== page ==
Visit these places in and around Utah’s Mighty Five to escape the crowds.
If you’ve ever been to Arches, Bryce, or Zion National Park and uttered these words to yourself, you’re not alone. We have too. But here’s a little secret: There are still ways to enjoy our national parks and the surrounding areas sans crowds. That’s right. No busloads of lookie-loos pushing past you on the trail, holding their iPads and brand new DSLRs precariously over the edge trying to get a better view. No selfie-sticks hitting you in the head as the unaware suddenly whirl around to get an Insta-worthy shot. Sure, you’ll probably still see a few other people wherever you go, but you’ll also be surrounded by pure, unadulterated panoramas.
During peak months (April, May, September, and October), as many as 2,000 people hike to Delicate Arch each day. The parking lot overfloweth. Park rangers ticketeth illegally parked cars. Those traversing the trail look like ants in a line, following pheromones to a sandstone smorgasbord. But you don’t have to fall in step with others to see Utah’s most recognizable arch in person. Consider visiting Arches National Park during the off-season (December through March) when there are fewer people.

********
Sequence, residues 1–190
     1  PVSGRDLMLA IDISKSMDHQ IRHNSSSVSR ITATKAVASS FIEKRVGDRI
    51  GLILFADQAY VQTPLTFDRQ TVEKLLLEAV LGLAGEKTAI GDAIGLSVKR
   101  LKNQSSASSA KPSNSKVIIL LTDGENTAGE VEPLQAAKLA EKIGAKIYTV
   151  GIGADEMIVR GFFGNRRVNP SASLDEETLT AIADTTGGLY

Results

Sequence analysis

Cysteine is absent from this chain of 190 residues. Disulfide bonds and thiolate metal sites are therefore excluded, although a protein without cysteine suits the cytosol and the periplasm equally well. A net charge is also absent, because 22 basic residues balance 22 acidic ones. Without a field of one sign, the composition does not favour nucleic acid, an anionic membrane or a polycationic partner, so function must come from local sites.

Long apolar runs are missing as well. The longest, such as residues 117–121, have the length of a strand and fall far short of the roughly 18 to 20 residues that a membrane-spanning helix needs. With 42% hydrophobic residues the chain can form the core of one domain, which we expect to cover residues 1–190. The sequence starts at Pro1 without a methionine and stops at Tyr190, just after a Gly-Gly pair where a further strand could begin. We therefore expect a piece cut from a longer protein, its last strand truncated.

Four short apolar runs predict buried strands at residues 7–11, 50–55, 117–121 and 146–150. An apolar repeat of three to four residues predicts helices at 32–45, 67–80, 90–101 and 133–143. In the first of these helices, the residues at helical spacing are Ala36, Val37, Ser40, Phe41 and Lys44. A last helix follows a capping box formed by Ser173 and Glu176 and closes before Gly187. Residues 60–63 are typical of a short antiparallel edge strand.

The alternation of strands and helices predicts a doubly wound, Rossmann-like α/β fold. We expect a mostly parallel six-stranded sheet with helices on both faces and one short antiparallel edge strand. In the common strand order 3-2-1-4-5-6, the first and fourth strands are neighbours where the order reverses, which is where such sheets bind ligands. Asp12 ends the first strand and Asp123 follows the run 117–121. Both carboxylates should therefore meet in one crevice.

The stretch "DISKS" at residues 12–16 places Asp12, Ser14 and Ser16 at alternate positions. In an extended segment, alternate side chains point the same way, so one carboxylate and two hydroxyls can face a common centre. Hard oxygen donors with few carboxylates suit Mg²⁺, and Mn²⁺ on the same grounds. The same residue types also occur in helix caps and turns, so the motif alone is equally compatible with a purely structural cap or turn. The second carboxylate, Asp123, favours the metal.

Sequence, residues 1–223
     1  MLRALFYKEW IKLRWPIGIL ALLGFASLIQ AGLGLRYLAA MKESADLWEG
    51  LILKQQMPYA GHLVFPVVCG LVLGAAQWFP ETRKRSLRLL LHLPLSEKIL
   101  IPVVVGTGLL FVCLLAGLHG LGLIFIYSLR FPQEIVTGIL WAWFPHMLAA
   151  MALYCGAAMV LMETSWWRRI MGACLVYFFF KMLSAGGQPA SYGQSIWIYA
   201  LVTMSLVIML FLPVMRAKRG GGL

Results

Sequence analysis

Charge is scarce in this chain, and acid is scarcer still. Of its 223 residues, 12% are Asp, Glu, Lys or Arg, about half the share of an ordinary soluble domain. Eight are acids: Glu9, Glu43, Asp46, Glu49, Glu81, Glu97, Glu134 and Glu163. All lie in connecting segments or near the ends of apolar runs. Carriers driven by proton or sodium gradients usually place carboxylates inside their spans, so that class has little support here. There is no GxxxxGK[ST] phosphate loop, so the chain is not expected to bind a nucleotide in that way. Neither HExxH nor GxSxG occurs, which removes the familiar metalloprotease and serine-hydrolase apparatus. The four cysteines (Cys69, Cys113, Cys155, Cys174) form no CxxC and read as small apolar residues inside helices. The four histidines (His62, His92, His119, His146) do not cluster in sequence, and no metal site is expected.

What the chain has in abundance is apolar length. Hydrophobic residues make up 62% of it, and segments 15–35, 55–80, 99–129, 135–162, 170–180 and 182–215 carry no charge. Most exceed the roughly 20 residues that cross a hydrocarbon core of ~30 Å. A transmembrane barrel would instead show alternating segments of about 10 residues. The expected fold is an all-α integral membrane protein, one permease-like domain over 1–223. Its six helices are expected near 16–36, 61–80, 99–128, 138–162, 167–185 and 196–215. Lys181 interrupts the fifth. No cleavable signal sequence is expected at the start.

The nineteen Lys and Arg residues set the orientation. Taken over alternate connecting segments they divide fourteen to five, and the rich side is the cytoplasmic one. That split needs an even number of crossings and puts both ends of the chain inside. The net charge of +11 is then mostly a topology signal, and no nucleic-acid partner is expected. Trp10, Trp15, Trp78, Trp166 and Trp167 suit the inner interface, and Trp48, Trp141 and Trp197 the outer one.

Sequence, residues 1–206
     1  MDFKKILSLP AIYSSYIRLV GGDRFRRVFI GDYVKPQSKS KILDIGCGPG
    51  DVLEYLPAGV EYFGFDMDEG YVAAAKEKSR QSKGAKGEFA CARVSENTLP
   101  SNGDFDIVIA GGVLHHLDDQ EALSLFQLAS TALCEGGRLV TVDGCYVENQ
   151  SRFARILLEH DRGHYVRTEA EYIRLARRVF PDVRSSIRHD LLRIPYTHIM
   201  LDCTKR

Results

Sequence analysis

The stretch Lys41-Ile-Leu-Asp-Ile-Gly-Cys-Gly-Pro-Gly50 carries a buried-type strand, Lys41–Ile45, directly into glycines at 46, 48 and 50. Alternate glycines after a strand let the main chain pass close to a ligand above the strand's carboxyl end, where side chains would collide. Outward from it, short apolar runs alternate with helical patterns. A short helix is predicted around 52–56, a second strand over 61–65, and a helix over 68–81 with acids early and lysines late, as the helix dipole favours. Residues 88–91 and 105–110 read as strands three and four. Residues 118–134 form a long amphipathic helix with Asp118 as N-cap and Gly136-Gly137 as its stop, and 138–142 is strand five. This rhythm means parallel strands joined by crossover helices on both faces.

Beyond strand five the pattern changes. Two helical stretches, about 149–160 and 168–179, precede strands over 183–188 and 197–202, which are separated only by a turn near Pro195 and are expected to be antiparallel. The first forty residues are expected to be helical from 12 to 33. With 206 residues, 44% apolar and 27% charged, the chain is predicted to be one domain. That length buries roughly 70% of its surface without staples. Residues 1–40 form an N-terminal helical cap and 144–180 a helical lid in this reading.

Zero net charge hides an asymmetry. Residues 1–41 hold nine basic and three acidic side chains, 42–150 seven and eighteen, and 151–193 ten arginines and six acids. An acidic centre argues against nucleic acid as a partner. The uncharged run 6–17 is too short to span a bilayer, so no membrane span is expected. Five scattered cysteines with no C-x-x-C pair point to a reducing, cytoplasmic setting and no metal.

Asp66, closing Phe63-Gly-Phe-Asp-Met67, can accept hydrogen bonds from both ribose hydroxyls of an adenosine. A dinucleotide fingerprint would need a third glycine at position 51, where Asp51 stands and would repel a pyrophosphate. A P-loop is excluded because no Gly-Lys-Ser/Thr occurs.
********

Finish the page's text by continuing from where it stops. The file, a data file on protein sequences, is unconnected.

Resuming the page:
If you absolutely, positively MUST go during peak months, get up before dawn and drive into the park while it’s still dark. Chances are there won’t be more than a handful of cars when you arrive in the parking lot. Strap on a headlamp and hit the trail. Once you’re at the top, sit and watch the sunrise. The early morning vibe is serene yet energetic. Take your obligatory picture (without strangers ruining it!) and head back down the trail.
If you have a been-there-done-that attitude about Delicate Arch, there are plenty of other arches to be seen. Tower Arch is secluded in the northwest end of the Arches National Park. But there are also hundreds of arches found outside of the park’s boundaries ― Utah has the most arches per capita of anywhere in the world. Go where the locals go and check out one of these arches (or natural bridges) instead.
If you have an ATV or 4WD vehicle, there’s a fun 26-mile loop in the Behind the Rocks area south of Moab that goes past two aptly named arches: Balcony and Picture Frame. Stop at the latter and walk up the slick rock to get a better view of the square intrados.